Because I think that the experience of working like that,\Nin a workshop, it is when things go faster
It’s really different\Nthan when you are in the school.
I contacted Stephen when I had to find\Na place to do my internship, because
I knew his work and I think he makes a very good work.\NBut also because he’s in Granada.
And I was very interested in the Granada guitar making school.
And in the making methods from Granada and also,\Nsimply in the life in Andalusia.
I knew some stories, for example,\NI had the Granada School of Guitar Makers book.
And I was reading a lot about all\Nthe guitar makers mentioned in the book,
Especially the great masters that are still around.
And of course, I think that’s what kind of haunted me a little bit.
I think another important thing is that\Naround here, the craftsman and the guitar maker have
let’s say, an status that deserves respect.
So the people, anyone, not just guitarists,\Nhave like a lot of respect for the craft.
And other than that,
I think the Spanish guitar\Nhere is much more alive.
And there are many amateurs and many\Nprofessionals who play the guitar,
and do guitar making, and playing and… more things.
No, it wasn’t easy, but when\NI was still studying in Belgium
I had there in my student flat
my workbench, and I was doing\Nrestorations for musician friends,
and making some guitars at home as well.
So I had more or less the\Nbasic tools of a workshop.
And then when I finished my\Nstudies, I bought a car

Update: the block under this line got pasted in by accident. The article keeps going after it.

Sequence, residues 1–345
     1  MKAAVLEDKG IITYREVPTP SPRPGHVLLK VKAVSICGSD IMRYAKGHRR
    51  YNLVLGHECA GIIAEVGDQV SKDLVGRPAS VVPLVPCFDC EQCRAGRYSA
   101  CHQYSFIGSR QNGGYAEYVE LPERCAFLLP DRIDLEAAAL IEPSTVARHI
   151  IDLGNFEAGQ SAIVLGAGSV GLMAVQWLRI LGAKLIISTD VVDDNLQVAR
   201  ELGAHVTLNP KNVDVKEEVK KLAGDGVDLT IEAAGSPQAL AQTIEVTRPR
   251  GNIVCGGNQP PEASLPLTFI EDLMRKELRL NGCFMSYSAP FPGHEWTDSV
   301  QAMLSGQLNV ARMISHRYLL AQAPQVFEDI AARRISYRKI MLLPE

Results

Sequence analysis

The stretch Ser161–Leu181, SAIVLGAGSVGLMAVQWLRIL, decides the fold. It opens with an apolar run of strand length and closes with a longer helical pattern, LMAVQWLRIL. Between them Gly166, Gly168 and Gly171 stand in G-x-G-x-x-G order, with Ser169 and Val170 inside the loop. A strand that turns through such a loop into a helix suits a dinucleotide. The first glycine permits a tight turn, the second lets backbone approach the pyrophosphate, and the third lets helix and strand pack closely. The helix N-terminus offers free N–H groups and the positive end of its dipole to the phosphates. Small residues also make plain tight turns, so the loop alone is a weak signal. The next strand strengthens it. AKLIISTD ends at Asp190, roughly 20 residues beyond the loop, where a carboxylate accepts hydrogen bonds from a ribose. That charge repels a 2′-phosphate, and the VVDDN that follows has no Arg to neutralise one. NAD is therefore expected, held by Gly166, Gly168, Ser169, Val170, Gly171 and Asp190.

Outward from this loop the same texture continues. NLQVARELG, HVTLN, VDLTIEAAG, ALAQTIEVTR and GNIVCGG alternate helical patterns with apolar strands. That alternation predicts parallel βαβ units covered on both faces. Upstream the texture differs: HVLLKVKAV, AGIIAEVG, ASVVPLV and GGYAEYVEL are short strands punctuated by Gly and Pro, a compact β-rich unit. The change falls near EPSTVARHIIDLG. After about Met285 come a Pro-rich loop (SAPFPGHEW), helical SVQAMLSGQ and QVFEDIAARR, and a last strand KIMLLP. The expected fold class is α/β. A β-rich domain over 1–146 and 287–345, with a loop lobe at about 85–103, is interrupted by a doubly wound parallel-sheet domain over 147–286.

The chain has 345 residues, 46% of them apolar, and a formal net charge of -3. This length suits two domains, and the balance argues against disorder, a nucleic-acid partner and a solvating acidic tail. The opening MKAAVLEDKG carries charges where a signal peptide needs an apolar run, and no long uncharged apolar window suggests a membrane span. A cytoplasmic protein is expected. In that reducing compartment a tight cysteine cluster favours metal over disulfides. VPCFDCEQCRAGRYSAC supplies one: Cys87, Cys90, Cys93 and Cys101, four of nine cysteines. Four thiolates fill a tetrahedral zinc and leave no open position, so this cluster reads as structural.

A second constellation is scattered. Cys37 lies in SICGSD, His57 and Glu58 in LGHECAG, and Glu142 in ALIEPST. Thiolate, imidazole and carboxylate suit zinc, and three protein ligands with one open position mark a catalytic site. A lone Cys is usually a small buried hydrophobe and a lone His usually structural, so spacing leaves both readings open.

and I put all the tools and some guitars and\Nstuff that I wanted to take and I drove the car to here.
Actually after a couple of weeks,\NI found a place in Dúrcal (Granada) and started renting it.
I set up the workshop there. It was kind of provisional.
I didn’t have the machines I have now, I didn’t have the tools,\Nand of course not the wood I have now, and I didn’t have the customers either.
So that was a very tough beginning, so I was doing like\Na little bit of fixing guitars for people in the area…
and starting to get all the moulds, the soleras,\Nand starting to make the first guitar.
I remember the first guitar I made
took me several months.
I mean, it took me a long time because I had\Nto make all the moulds…
And then there was a lot of luck because a person came from\NDenmark, by chance, and he bought me the guitar.
And then I started to make more guitars.
That’s how it went.
Soon all the musicians of Dúrcal knew me.
Because there weren’t so many of them, but around here,\Nthere are musicians everywhere.
And some very good amateurs and some not so good amateurs\Nand some professionals.